"God's shalom is the life-changing work of the Spirit, transforming people and neighborhoods into prosperous, healing, safe communities in which all become one and one becomes all," the bishop said. In God's shalom, when one is hungry, all are hungry, when one is homeless, all are homeless and when one is murdered all lose life.

"We are all interconnected. We have the power to join together with God to cast out the darkness," said the Rev. Joan Carter-Rimbach of First UMC in Hyattsville, whose nephew Jamelle Carter, 18, was murdered in Baltimore in September 2006.

Jamelle was remembered during the worship service and later that night, when Bishop Schol and a handful of others traveled to the site of his and other murders.

"I hope we're moving beyond words now," Carter-Rimbach said. "My prayer is that we will make a difference. Each of us needs to do whatever we can to be the light."

Shalom Zones to be created
"I’m holding out hope for the city, that the Lord will use us," said the Rev. Bruce Haskins, who will lead the conference’s Shalom Zone efforts.

Haskins, a resident of Baltimore, was shot in the hand many years ago during a robbery. He lost his brother, also a Balt-imore resident, to drugs. But even amid the desperation, he loves the city and has a passion for its renewal.

“Too many things have made us immobile,” he said. But fear should not limit us. A lack of resources can limit us. We must move out boldly in Jesus’ name.”

Nine United Methodist churches in Baltimore are doing just that.

On Dec. 7, they began training, led by Michael J. Christensen of Drew University and Jean-Pierre Duncan, a communities of Shalom trainer.

Communities of Shalom, a United Methodist initiative started in 1992 in response to the violence following the Rodney King verdict, stress asset-based community development.

They are grounded in principles of collaboration between the church, businesses, government, schools and civic groups and focus on systemic change to bring healing and wholeness to communities, Christensen said. For more information on Shalom Zones ...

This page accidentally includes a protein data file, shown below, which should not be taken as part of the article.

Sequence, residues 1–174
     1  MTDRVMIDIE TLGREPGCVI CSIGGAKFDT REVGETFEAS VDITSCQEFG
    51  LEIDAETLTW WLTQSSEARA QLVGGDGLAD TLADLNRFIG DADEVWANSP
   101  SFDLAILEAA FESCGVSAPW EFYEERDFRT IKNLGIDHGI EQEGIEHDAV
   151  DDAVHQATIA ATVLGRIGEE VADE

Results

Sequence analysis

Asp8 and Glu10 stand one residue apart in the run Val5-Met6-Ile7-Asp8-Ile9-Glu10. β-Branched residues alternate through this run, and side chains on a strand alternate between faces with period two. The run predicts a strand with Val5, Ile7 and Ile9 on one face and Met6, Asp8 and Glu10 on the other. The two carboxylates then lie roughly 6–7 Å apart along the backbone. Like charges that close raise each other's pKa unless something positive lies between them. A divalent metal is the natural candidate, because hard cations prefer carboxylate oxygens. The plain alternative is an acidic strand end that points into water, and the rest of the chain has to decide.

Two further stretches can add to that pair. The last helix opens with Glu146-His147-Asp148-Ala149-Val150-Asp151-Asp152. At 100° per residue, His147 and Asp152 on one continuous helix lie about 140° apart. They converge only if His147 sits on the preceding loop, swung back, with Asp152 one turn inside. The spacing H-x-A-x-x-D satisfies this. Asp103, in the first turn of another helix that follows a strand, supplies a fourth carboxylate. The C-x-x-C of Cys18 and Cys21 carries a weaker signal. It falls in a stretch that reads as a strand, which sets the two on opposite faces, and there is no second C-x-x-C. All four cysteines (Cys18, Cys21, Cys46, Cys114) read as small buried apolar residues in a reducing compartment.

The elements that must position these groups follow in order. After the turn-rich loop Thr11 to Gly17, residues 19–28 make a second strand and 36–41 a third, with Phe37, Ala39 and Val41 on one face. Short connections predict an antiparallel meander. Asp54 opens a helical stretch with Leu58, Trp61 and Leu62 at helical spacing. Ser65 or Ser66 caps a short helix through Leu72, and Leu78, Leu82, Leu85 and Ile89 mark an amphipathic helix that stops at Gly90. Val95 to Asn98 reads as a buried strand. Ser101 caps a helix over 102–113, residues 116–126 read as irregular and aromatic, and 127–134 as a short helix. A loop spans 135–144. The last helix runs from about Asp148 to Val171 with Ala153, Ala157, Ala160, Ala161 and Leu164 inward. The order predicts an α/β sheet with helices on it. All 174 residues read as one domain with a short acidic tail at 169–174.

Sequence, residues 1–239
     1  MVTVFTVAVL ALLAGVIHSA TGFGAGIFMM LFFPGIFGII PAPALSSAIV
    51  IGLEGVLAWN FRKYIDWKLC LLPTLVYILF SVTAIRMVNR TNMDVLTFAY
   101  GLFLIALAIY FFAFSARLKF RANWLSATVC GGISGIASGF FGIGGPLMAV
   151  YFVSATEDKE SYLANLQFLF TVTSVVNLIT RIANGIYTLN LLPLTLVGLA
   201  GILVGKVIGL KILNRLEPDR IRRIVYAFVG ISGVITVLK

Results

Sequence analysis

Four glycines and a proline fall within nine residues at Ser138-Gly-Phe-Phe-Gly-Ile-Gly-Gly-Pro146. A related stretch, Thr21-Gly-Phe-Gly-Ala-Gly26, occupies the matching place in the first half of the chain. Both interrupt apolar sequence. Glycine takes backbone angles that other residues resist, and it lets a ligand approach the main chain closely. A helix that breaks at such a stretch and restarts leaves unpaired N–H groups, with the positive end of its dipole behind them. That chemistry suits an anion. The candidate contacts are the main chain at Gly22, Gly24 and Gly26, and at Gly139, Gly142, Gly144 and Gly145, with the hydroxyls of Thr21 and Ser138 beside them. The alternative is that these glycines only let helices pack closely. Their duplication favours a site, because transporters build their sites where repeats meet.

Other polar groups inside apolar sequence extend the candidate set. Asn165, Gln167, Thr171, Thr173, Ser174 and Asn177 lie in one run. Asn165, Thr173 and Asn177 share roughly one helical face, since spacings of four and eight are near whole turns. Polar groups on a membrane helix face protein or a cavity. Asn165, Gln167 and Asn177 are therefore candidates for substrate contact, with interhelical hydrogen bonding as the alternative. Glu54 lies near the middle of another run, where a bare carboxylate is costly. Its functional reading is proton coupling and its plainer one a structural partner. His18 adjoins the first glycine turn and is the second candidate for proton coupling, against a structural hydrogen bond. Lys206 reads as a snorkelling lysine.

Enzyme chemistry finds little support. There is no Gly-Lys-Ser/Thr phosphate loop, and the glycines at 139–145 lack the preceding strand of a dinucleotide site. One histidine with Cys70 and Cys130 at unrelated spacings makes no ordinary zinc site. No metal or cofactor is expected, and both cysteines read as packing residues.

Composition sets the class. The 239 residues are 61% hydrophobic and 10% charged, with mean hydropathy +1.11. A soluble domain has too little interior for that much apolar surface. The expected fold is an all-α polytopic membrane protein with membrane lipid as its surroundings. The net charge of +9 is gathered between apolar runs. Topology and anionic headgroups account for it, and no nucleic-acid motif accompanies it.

Contact Haskins at or visit

Reaching out to victims
Free camping experiences at Baltimore-Washington Camps will be provided for the children who have lost family members to violence. Coordinated by Laura McCrae, these experiences will allow children who have experienced a great loss to participate in a week of swimming, fishing, hiking, boating and fun.

There will also be a counseling and violence-prevention component, said Tom Curcio, executive director of the United Methodist Board of Child Care, which is providing its expertise and a $50,000 grant to this initiative.

In addition, Deborah Haskins of Loyola College, is seeking churches and pastors willing to provide pastoral counseling to all those affected by violence within the city. For more information on counseling and camping ...

Counseling information: Deborah Haskins at 443-691-2536 Camping scholarships: Laura McCrae at or Andy Thornton at 800-922-6795

Handgun turn-in
Handguns are used more often than any other weapons in homicides. Many of the guns used in homicides are taken during a bur-glary. This fact makes any gun a potential threat to the lives of innocent people.

The Rev. Nathaniel Green of Brown’s Chapel-West Liberty Charge in Marriottsville and a former Baltimore City police officer for more than 30 years, will coordinate this ministry. He is excited about the potential of what churches can do when they begin to take action. For more information on handgun turn-ins ...

Contact the Rev. Nathaniel Green at 410-207-6019 or

Be hope
In a four-block radius around Ames UMC are 174 abandoned and boarded up houses, which have no electricity or running water. “People call them ‘abandominiums’ and they live there because they have nowhere else to go,” said the Rev. Patricia Johnson.

The church keeps its door open to provide food and a place where people can use the bathroom or get a blanket.

“Our light is the only one on, we must keep it on,” said Johnson. “It’s about being able to give people hope.” To get involved in ministry in Baltimore ...

Contact the Rev. C. Anthony Hunt at or Joyce King at 410-290-7311.